Managed to tape ITN news report of the Aleksey Maryshev and the ice collapse.
Once the tourists got home, they spoke to local papers.
Here's a report from the BUCKS FREE PRESS.
Another blog posting had a comment from John Thropp, who is General Manager of Stavanger Travel (I had a couple of weeks in Stavanger in the mid 80's and it's a fab place...) who stressed the dangerous nature of the place (a useful quote for us to use):
"Svalbard is no place to fool around
In a previous career, I sailed on research ships around Svalbard - this is no place to fool around, with very limited facilities. To put it in context, it is a 2 hour flight Rome to Oslo, another 2 hours north to Tromso, then nearly another 2 hours to Svalbard (and 1 more to the north pole).
Most of the few people that live there are on a 1-year tax-free contract - Longyearbyen literally is a LongYearTown!"
Two of the tourists were from Scotland and the Scotsman had a useful quote:
You will need to know the terms that are in BOLD for the exam...
"The ship was near to an ice shelf and a part of the glacier calved off. We understand that some of the smaller pieces of ice and water were washed on to the ship's deck and seven passengers were injured.
"None of them have life threatening injuries and two were more seriously injured than the others, but they are in a stable position and have been moved to Tromso.
Jan Tommervold, a deputy sheriff in Svalbard, said 18 people had been injured.
Glaciers naturally break apart as they slide downhill but many are shrinking more quickly than usual because of global warming, which is blamed by almost all scientists on emissions of greenhouse gases from fossil fuels.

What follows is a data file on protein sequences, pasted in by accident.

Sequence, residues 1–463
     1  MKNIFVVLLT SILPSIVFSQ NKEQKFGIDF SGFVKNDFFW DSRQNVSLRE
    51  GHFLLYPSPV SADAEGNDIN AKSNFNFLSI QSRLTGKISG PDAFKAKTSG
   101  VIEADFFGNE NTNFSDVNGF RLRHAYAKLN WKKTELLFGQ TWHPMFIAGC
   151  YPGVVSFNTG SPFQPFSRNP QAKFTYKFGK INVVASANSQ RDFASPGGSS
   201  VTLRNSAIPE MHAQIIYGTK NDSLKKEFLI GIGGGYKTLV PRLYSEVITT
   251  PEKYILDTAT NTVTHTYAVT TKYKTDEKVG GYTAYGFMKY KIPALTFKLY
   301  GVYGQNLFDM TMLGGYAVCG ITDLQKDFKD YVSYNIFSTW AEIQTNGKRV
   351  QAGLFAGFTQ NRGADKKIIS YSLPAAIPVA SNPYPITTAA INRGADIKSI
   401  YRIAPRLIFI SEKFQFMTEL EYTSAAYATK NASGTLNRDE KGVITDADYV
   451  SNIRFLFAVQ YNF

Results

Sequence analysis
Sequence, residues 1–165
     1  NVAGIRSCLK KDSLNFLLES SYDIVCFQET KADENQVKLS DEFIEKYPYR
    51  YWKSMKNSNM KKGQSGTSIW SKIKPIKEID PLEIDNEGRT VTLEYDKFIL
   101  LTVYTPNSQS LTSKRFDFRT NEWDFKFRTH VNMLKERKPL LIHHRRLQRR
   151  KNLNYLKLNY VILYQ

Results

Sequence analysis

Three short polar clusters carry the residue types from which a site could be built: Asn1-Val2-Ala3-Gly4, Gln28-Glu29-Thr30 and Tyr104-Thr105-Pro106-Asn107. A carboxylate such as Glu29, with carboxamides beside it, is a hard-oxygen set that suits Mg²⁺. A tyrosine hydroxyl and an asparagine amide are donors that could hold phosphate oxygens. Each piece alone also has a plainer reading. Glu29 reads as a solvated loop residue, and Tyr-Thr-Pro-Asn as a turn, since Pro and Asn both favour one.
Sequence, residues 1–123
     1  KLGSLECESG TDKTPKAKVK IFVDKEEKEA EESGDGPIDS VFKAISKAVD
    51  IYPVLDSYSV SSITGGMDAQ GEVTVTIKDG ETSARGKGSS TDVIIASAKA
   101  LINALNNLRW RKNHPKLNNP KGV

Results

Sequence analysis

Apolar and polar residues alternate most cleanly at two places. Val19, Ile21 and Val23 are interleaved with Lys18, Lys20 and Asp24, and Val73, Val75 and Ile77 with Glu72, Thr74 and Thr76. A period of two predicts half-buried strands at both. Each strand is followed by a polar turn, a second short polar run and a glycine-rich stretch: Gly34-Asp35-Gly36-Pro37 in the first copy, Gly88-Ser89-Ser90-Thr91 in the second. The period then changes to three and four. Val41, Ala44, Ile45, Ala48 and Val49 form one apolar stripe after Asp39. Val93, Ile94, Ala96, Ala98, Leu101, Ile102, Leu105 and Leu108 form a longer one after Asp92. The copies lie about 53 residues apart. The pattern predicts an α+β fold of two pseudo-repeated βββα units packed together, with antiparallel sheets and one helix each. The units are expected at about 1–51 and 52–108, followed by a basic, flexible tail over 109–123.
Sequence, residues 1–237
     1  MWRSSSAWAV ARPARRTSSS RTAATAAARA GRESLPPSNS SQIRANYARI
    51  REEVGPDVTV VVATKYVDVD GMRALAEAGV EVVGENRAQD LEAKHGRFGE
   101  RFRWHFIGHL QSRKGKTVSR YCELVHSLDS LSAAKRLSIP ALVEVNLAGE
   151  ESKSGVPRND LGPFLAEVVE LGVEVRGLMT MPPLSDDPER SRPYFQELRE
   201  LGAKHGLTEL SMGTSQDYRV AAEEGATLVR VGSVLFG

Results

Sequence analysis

ARCTIC IS NOW COOL WITH THE RICH
The Arctic - and particularly the relatively accessible Svalbard Islands - are increasingly being dubbed the new playground for the rich as climate change tourism takes off.
Ironically, as global warming slowly destroys the fragile ecology of the region, so it takes the harsh edge off the environment and makes it increasingly attractive to holidaymakers. As glaciers melt into the Arctic Ocean, the ships are able to reach previously inaccessible areas.
With the temperature rising in the archipelago, some 300 miles north of Norway, cruise shi
ps are taking advantage of the longer summer period where the sea is freer of ice flows.
Luxury liners took around 20,000 passengers ashore to various sites around Svalbard in 1997, but that figure had doubled by 2004.
Ten years ago, there were 35,000 visitors a year to Spitsbergen, the largest island, but last year there were 70,000 - with the number of British tourists rising most sharply."The same post attracted this amusing comment:
The logo is perhaps like the global warming cartoons which show the fate of polar bears as the ice continues to melt.